This is the 15th year the Jewish People Policy Institute (JPPI) has published its Annual Assessment. Every year, JPPI’s Annual Assessment seeks to offer a snapshot of the state of world Jewry. The gauges used to evaluate how world Jewry is doing year-to-year are largely unchanged this year, with one critical exception, community bonds. We are including for the first year an expanded version of the yearly Integrated index on Anti-Semitism.
The integrative index examines the threat to Jews in different countries, by tracking anti-Semitic incidents, the public’s attitude toward Jews, and the feelings of the local Jewish community, which also express that community’s trust in the local government’s ability and desire to protect them. Anti-Semitism is rising by every metric and can potentially affect each of the other measures we weigh every year in the Assessment: Geopolitics, Inter-Communal Bonds, Identity and Identification, Material Resources and Demography. Anti-Semitism is no longer a secondary concern but has significant impact on Israel and the Jewish people worldwide.
As the Integrated Anti-Semitism Index describes, the sheer number of anti-Semitic incidents has risen around the world, including in the United States. The FBI reported that Jews are the most targeted religion-based group by hate crimes, although Jews comprise less than two percent of the American population. Most of the more violent anti-Semitic attacks in the US seem unrelated to Israeli policies, although on college campuses the insidious, if non-violent, BDS movement feeds on overblown portrayals of Israeli policies. This has taken a toll on American Jews: nearly three-quarters of American Jews polled felt less secure than they did two years ago.
On the other hand, the rate of those in North America who hold anti-Semitic views is not high nor is it growing. An ADL survey shows that only 14 percent of Americans hold anti-Semitic views while over half of Americans are concerned with anti-Semitic violence. A recent Gallup poll indicates that over 90 percent of Americans would not hesitate to vote for a Jew As President, while another study showed that Jews are the most admired religious group in the US above Catholics, Evangelicals and other religious groups.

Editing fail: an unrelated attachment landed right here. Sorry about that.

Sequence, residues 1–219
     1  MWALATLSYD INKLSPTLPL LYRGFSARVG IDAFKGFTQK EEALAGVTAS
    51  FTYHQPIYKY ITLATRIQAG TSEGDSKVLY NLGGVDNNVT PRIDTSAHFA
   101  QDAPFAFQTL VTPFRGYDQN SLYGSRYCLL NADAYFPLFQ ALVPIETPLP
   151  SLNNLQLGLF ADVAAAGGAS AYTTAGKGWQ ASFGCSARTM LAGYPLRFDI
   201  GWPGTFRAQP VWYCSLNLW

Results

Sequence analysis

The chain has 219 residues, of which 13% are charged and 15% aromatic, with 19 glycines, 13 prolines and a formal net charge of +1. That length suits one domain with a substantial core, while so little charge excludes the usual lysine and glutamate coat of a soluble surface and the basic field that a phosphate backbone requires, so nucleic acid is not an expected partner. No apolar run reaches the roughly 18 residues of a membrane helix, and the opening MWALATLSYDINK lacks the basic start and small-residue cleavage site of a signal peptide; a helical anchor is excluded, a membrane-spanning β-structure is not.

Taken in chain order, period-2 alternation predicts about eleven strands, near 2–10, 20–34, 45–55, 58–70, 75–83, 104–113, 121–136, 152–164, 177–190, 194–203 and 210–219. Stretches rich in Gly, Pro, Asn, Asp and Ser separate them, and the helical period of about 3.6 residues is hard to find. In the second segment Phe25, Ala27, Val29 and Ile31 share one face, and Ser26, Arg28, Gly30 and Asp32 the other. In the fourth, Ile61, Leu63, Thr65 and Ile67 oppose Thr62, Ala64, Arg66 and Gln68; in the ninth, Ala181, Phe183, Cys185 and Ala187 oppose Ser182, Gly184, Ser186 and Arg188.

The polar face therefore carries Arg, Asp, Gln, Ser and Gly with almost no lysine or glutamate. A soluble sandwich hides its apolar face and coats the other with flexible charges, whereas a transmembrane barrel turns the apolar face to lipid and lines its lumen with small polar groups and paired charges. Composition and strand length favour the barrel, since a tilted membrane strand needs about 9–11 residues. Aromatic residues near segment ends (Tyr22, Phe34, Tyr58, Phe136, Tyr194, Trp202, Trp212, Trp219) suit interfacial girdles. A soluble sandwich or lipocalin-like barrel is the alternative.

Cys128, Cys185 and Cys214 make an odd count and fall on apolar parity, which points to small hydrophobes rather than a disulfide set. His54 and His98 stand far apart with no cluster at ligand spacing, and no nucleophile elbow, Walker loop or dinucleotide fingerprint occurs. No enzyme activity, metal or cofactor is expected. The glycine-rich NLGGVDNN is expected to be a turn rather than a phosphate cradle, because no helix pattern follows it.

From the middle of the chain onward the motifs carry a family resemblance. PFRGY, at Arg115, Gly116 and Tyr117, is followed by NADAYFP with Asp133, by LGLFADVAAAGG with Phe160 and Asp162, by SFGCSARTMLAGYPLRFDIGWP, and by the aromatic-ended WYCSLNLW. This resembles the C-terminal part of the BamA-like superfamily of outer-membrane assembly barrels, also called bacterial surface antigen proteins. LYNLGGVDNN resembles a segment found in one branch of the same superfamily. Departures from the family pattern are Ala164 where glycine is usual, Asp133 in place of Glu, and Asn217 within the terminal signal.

Why the disconnect between record high numbers of anti-Semitic incidents and record-high acceptance of Jews in the US? There is a direct connection between this phenomenon and the weakening of globalization and the rise in populist nationalism. Around the globe, a hard-core minority of populist nationalists enjoys increased exposure in “marginalizing the other” in society. The extremists among these at times turn to violence, verbal or physical, including against Jews. Alongside these, worrying trends of anti-Semitism from the other side of the political spectrum abound.
Left-wing groups in Europe, including Muslim migrant populations, also identify an opportunity to advance their own anti-Semitic rhetoric. The anti-Semitism in Europe is entirely more threatening than that in the US. Across Europe, anti-Semitism is rising and sentiment against Israel along with it. The sources are a dangerous combination of a radical minority of the increasingly large Muslim migrant population in the continent, and the far left and far right on the political spectrum.
At both ideological extremes, the falsehood resonates that Jews control the financial and political strings of the world. Jeremey Corbin the leader of the British Labour Party regards Hamas and Hezbollah as friends, leading eight Labour members of parliament to leave their party. Jonathan Sacks, the former chief rabbi of the UK, has called Corbin an “existential threat” to British Jews.
Clearly, the rise in anti-Semitism affects Israel–the state of the Jewish people–insofar as it takes on a greater responsibility both to focus on protection of Jews in the Diaspora and the relations Israel has with a number of different states. Managing these important foreign relations demands navigating a relatively new reality: many of the new populist leaders in countries like Hungary, Italy, Poland and other places may create an environment unfriendly to the immigrant and to “the other,” which can encourage a rise in anti-Semitism, but tend to be supportive of the State of Israel.